In the three congregations I served, I always preached essentially the same sermon as the second one I delivered to the congregation. Titled alternately “The Foolishness of Preaching” or “Selling Shoes for a Living,” I tried to make the point that not every message I delivered would meet everybody’s needs or agreement. The message was like a shoe I was asking people to try on. If they found it met their needs and was reasonably comfortable, they might consider walking around in it for a while. If not, there was always next week. (Of course, preaching should not always (often?) make us too comfortable.)
Preaching (and some of the other activities mentioned above) is actually a shared responsibility. Proclamation by the pastor must always be met with active listening by the congregation. But listening does not necessarily mean agreement. As mentioned, there are truths and forms where we may disagree, because “’God alone is Lord of the conscience, and hath left it free from the doctrines and commandments of men which are in anything contrary to his Word, or beside it, in matters of faith or worship.’ Therefore we consider the rights of private judgment, in all matters that respect religion, as universal and unalienable.” (F-3.0101). Whereas a pastor has the right to choose the Scripture and the interpretation to be proclaimed, the listener has the right to disagree, that is, to reach a differing private judgment.
I have been speaking as to what our polity requires, allows, and expects in the area of proclamation. Proclamation does not exist in a vacuum, but is shaped by our knowledge of and commitment to Jesus Christ and one another. There needs to be communication and give-and-take between pastor and congregation, in sermons and other communications, and a willingness to recognize that while we may disagree – sometimes significantly – we are still called to be that community of faith, hope, love, and witness.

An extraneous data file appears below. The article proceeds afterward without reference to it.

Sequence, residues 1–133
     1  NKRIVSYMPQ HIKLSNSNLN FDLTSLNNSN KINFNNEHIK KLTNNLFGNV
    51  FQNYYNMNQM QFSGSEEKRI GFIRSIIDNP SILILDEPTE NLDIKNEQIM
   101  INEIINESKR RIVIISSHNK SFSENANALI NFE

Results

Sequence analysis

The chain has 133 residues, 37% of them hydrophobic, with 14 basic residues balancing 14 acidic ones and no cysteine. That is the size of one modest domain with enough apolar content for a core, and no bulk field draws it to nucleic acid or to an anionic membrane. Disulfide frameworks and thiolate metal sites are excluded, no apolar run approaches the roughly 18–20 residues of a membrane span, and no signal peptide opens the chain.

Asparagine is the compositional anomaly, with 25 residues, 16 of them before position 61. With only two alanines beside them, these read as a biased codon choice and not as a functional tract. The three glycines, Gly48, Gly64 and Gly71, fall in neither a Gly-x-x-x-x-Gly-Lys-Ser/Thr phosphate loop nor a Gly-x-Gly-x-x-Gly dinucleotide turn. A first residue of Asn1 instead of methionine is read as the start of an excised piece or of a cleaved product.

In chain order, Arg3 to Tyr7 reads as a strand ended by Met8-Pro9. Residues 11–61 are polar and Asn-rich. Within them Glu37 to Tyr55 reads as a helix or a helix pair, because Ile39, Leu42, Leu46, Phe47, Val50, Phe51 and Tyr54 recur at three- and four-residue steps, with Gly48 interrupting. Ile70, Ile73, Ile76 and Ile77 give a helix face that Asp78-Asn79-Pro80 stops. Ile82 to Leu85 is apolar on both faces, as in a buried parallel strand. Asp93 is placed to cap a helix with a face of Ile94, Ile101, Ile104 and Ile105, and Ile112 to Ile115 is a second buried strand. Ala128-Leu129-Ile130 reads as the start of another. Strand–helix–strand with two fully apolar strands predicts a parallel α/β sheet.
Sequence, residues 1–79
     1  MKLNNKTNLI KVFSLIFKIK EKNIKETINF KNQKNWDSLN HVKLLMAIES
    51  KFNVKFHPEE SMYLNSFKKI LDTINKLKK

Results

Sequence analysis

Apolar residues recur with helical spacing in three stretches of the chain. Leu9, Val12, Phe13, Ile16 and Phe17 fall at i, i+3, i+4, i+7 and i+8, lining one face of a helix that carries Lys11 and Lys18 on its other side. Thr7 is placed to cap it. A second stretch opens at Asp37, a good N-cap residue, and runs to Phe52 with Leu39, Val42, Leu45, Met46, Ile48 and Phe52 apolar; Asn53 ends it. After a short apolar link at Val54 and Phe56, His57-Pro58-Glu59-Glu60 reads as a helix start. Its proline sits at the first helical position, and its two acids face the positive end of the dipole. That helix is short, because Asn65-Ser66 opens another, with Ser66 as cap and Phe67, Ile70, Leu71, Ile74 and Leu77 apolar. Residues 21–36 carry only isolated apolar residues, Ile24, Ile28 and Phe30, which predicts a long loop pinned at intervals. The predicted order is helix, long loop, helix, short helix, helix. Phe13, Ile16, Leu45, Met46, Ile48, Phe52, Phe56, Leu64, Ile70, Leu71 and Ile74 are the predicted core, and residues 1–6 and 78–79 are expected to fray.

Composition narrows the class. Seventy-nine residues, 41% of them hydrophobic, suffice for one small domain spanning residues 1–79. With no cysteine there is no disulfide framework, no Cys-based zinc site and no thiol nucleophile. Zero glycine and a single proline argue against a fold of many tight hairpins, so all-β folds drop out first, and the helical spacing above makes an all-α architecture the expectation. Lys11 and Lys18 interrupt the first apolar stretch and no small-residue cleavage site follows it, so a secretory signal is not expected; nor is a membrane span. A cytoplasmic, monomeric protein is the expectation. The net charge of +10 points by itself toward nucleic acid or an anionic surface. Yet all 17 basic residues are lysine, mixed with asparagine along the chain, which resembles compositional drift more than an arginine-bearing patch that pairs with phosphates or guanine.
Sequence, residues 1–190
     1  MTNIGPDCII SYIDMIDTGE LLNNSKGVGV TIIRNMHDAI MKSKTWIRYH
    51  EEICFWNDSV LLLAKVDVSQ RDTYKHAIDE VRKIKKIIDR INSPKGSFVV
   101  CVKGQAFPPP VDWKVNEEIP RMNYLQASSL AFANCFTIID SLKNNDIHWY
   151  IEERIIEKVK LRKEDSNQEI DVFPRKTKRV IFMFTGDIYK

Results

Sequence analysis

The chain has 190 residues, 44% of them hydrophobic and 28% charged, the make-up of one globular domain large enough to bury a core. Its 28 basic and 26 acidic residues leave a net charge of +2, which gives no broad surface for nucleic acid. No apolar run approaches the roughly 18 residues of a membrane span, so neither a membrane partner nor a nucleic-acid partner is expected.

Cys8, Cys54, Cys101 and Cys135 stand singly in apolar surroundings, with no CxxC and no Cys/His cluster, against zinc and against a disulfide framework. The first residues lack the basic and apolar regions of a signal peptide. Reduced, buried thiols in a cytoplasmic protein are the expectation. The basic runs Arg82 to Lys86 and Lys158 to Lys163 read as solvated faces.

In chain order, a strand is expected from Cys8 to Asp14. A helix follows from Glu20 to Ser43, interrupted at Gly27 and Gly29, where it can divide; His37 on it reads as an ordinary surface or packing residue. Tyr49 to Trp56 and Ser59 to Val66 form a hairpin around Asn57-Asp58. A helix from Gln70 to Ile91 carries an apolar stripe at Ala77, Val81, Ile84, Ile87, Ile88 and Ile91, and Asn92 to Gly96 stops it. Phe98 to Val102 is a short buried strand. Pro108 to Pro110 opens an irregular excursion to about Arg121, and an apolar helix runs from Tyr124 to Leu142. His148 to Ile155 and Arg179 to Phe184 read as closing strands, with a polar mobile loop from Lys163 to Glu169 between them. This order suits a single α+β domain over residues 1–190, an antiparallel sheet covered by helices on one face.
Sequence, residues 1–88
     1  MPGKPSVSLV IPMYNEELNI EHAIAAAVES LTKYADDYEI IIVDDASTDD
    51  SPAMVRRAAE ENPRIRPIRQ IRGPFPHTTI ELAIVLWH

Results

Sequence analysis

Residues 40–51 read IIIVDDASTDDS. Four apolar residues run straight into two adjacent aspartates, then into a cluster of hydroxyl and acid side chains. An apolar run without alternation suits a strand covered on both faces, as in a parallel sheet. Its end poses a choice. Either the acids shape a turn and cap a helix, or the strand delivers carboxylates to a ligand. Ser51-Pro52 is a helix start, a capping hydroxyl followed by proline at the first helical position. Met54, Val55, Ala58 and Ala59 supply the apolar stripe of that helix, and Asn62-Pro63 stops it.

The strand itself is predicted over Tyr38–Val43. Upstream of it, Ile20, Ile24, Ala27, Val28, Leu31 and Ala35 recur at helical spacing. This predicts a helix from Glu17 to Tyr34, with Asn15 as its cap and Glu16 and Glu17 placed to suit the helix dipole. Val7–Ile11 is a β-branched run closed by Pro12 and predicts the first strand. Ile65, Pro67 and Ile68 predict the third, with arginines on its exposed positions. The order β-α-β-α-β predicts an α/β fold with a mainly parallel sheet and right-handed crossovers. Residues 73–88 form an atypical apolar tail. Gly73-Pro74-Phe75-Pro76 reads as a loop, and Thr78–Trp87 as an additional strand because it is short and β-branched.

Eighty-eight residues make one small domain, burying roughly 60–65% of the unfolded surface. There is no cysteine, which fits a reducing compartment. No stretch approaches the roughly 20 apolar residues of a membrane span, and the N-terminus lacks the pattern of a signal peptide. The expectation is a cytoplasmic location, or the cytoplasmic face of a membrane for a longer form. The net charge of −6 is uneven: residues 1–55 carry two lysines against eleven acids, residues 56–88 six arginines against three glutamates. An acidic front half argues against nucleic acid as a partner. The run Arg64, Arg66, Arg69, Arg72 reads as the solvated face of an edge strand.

Preaching can be a humbling occupation. I have had more than a few Sundays where sermon delivery felt like a running battle with the English language. There were Sundays when I thought I was being prophetic but wound up more likely being pathetic. Sundays where I thought the sermon bombed but was surprised when someone on the way out said how much the message spoke to her, and you could tell it was more than a polite platitude. And there were Sundays where what I was trying to convey was understood differently by some in a way they considered to be hurtful. The foolishness of preaching, indeed.
This is not foolish: we should be able to be open enough, honest enough, and committed enough to one another as pastor and parishioners that we can talk through our differences, whether we are disagreeing about a sermon, social media post, or something else, without breaking fellowship with one another. We should be able to engage in conversation where we understand where each other is coming from, knowing that we may have differing perspectives, but still the same Lord. We can be of the same mind about Jesus Christ, even when we are of differing minds on certain matters.
Maybe the key is what Paul said in Romans 12:18: “If it is possible, as far as it depends on you, live at peace with everyone” (NIV). Because, it does depend on us.